Congress vice-president Rahul Gandhi may or may not have succeeded in scoring political points when he alleged BJP prime ministerial candidate Narendra Modi sold land to a private firm at around R1 per square metre, or roughly the price of a toffee. What he has done, though, is to further the distrust of corporate India, and lessened the chances that people in government will want to go out of the way to help industry. That is unfortunate since, while there are blatant cases of corporate India seeking and getting favours, it is largely red tape that drives India Inc to the government. In the ongoing case of gas price hikes, the petroleum ministry has made such a mess of things, when the government does hike prices as it must in order to have more exploration activities, it will look like a favour to a big industrialist—never mind that the biggest beneficiaries of the hike will be the government of India and its PSU ONGC. If a KM Birla had to approach the prime minister to help get a coal block allocated to him, it was because there was no other way—no auctions, nothing—for him to get coal required to operate his industries; the best blocks were reserved, then as now, for public sector firms, never mind how inefficient they are. Given how, the report on National Investment and Manufacturing Zones points out, every firm engaged in manufacturing has to comply with 70 laws which require 100 forms to be filled each year—this takes up over a fifth of management time for small firms—India Inc has no option but to approach the government for help.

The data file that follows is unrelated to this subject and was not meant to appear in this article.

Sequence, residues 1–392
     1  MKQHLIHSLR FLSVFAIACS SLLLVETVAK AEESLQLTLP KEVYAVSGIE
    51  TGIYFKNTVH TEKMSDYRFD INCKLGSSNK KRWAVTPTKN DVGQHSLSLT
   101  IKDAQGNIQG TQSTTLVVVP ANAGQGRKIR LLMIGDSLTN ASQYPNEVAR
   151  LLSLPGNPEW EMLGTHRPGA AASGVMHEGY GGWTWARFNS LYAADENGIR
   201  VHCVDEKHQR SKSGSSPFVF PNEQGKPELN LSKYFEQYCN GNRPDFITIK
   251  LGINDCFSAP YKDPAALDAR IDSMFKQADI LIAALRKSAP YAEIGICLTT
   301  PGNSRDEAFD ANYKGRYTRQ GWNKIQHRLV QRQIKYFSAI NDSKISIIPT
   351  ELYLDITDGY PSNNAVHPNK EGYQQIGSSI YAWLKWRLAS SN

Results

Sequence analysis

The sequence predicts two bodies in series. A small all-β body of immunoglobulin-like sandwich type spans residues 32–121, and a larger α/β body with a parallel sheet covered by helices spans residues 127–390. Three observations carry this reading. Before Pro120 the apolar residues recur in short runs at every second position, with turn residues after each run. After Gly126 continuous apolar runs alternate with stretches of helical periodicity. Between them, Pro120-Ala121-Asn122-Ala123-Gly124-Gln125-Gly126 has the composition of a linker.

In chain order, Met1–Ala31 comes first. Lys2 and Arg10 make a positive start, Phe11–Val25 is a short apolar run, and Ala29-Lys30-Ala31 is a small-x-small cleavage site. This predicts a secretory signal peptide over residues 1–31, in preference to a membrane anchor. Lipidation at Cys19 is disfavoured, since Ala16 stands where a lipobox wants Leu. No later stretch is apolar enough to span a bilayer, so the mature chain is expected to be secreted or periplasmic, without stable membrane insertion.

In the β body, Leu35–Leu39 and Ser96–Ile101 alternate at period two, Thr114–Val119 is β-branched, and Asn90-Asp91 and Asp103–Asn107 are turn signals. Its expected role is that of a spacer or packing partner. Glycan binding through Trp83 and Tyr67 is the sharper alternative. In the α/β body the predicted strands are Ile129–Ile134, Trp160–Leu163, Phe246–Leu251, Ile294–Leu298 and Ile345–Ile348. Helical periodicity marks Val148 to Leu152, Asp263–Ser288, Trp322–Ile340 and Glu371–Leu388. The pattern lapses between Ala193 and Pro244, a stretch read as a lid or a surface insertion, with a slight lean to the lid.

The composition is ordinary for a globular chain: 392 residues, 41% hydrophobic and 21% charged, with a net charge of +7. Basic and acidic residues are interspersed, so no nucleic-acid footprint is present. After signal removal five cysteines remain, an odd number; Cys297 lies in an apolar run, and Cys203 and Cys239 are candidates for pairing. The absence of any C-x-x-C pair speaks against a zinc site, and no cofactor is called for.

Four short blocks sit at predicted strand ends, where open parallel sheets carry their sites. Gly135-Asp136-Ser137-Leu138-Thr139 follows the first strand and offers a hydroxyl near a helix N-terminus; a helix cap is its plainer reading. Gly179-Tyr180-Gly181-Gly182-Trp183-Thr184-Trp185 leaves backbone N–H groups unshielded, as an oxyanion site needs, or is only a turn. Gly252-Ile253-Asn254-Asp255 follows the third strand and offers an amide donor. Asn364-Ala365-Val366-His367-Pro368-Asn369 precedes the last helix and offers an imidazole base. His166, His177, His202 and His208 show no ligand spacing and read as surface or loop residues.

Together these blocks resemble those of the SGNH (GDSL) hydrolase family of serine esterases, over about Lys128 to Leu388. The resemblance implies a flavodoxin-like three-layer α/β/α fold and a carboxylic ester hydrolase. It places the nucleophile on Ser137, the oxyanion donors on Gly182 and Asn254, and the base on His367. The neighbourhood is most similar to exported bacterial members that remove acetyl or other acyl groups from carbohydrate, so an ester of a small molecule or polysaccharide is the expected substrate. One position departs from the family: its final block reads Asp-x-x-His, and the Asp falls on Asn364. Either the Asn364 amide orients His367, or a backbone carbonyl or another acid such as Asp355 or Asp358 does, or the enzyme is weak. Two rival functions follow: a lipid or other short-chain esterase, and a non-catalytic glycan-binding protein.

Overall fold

While there can be no excuse for forcing farmers to sell their land cheap to industry—and there have been several such cases where the Supreme Court has struck down the acquisition—ironically, the Land Acquisition, Rehabilitation and Resettlement Act (LARR) pushed by Rahul Gandhi’s party will result in industry approaching the government even more for help. LARR sought to deal with precisely the kind of toffee economics charge Gandhi made. Since governments typically give permission for land-use conversion only after it has been acquired, farmers rarely get full value for their land. So, LARR hiked the compensation to twice the highest value of sale in the area; it then doubled this. What has been added to 4-times the value of land is a job for land-losers, alternate housing,